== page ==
Tuesday, November 03, 2009

Make tax rates low, base broad, expert advises

A joint House-Senate Finance Committee began revisiting tax reform Tuesday in an effort to come to some consensus on whether North Carolina can restructure its revenue system. The committee, which may make recommendations to the 2010 short session of the General Assembly, began by listening to William Fox, director of the Center for Business and Economic Research at the University of Tennessee in Knoxville.

What Fox said was interesting even though it was along the line of what many who have studied this issue for years have recommended: Broaden the sales tax base and then cut the sales tax rate as well as the income tax rate.

But Fox's recommendation focused as well on sales taxes on business: Don't do it, he said. "It's not in the best interest of the economy," he said.

Fox noted that North Carolina has "a very narrow" sales tax base that taxes only about 30 of 165 potential sales transactions, including services. (Committee co chair Sen. David Hoyle, D-Gaston, thought this state taxes more like 40-some kinds of sales transactions.) Fox said nationally the sales tax base is shrinking -- and in response the states are raising tax rates. That's the wrong direction to pursue, he said: "Keep your bases very broad and your rates very low, and you will have the best results."

A couple of statistics caught my eye.

Nationally, state sales taxes represent nearly 31 percent of revenue. In North Carolina, however, general sales taxes represent only 23.1 percent of state revenue. That's "very light for a southeastern state," Fox said, and shows that this state relies more on the income tax,

Over the past three decades, the sales tax base as a proportion of personal income has dropped from about 53 percent in 1979 to about 38 percent now. Among the reasons for this decline are the state's decision to drop the state sales tax on food, to have an annual sales tax holiday just before the start of school, and the state's narrow use of services.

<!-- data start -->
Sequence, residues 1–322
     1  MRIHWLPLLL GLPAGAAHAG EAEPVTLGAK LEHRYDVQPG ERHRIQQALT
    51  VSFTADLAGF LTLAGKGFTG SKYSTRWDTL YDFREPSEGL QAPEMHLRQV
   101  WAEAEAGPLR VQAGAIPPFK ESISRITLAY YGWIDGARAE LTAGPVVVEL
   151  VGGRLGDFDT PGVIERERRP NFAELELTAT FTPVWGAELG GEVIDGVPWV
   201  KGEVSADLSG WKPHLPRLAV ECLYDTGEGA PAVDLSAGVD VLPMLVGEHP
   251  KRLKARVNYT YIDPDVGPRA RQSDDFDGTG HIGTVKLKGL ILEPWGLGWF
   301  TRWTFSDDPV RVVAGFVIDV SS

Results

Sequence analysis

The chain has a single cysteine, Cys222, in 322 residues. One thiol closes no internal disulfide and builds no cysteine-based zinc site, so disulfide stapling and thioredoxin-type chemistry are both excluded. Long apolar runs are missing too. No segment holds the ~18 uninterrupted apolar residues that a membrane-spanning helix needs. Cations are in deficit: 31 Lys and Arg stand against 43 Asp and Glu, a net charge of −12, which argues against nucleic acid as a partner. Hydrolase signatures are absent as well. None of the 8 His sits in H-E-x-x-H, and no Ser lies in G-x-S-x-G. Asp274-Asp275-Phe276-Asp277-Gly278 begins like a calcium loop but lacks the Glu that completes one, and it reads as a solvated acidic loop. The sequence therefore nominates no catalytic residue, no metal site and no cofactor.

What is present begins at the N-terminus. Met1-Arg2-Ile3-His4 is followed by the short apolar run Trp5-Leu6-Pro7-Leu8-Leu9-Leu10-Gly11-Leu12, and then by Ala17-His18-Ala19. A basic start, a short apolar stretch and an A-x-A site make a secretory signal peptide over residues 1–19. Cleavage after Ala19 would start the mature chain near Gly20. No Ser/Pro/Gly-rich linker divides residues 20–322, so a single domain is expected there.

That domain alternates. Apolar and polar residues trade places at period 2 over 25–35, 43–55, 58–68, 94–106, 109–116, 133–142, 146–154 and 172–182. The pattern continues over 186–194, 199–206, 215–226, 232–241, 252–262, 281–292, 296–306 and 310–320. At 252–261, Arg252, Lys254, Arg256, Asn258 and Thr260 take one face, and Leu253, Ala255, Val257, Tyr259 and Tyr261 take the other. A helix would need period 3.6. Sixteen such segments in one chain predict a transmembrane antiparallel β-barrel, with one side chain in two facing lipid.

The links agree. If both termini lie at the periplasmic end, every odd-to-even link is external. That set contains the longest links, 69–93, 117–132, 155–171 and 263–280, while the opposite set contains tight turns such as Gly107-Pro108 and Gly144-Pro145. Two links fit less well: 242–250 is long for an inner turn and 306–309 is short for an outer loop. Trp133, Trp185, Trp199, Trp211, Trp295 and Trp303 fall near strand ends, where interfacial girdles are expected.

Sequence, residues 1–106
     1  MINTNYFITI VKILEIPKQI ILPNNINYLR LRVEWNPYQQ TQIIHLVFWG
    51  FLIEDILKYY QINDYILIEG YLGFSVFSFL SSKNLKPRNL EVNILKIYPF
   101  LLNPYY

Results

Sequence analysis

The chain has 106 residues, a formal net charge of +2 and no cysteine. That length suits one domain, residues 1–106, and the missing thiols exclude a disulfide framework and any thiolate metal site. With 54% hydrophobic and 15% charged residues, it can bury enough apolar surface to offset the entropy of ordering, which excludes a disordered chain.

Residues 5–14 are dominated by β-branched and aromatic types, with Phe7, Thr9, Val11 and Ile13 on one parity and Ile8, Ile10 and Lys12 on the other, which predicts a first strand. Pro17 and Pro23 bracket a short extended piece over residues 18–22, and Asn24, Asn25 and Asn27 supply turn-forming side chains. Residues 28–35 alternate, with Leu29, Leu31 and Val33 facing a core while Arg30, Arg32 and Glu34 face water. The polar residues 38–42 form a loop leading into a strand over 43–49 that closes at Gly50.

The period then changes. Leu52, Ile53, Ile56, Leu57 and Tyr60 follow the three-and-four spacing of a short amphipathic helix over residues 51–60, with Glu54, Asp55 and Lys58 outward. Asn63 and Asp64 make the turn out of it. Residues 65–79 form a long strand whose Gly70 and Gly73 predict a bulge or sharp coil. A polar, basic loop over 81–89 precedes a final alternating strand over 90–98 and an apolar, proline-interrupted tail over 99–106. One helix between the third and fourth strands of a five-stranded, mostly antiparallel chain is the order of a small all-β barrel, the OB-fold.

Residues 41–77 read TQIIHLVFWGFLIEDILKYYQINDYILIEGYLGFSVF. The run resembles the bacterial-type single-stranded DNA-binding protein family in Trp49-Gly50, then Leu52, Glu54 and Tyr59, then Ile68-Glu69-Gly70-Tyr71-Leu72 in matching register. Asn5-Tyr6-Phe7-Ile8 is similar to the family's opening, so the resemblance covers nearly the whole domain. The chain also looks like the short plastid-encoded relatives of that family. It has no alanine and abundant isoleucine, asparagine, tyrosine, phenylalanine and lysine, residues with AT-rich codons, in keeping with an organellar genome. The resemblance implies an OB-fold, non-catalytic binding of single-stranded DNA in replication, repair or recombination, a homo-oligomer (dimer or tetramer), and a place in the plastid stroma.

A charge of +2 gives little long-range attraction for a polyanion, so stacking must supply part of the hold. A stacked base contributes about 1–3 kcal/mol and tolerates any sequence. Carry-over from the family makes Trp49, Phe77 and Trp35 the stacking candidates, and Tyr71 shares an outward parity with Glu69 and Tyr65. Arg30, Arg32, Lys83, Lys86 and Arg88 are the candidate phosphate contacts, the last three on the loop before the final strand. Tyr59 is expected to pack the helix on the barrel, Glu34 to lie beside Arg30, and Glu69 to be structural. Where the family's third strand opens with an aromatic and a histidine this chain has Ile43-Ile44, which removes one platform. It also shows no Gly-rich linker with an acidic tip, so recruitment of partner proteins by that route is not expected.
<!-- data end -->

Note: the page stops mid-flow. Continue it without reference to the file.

The sales tax holiday is popular, but makes little sense from the economy's point of view, Fox said: "Economists are nearly unanimous that it's a bad idea; Politicians are nearly in agreement that it's a good idea."

Some personal consumption expenditures have changed greatly over three decades. In 1979, we spent 20.3 percent of income for food and beverage but only 13.7 percent in 2007. On the other hand, we spent 47.4 percent of income on services in 1979, but by 2007 that was up to 59.7 percent. One reason: health care is a part of the services sector.

North Carolina loses perhaps as much as $300 million in sales tax revenue from e-commerce sales, Fox said. That estimate has risen a lot since last year, when it was computed at $212 million. But overall, most e-commerce sales are not business-to-consumer transactions. They are business-to-business transactions, and while the states should tax e-commerce consumer transactions, they should leave business-to-business transactions out of the revenue mix, Fox said.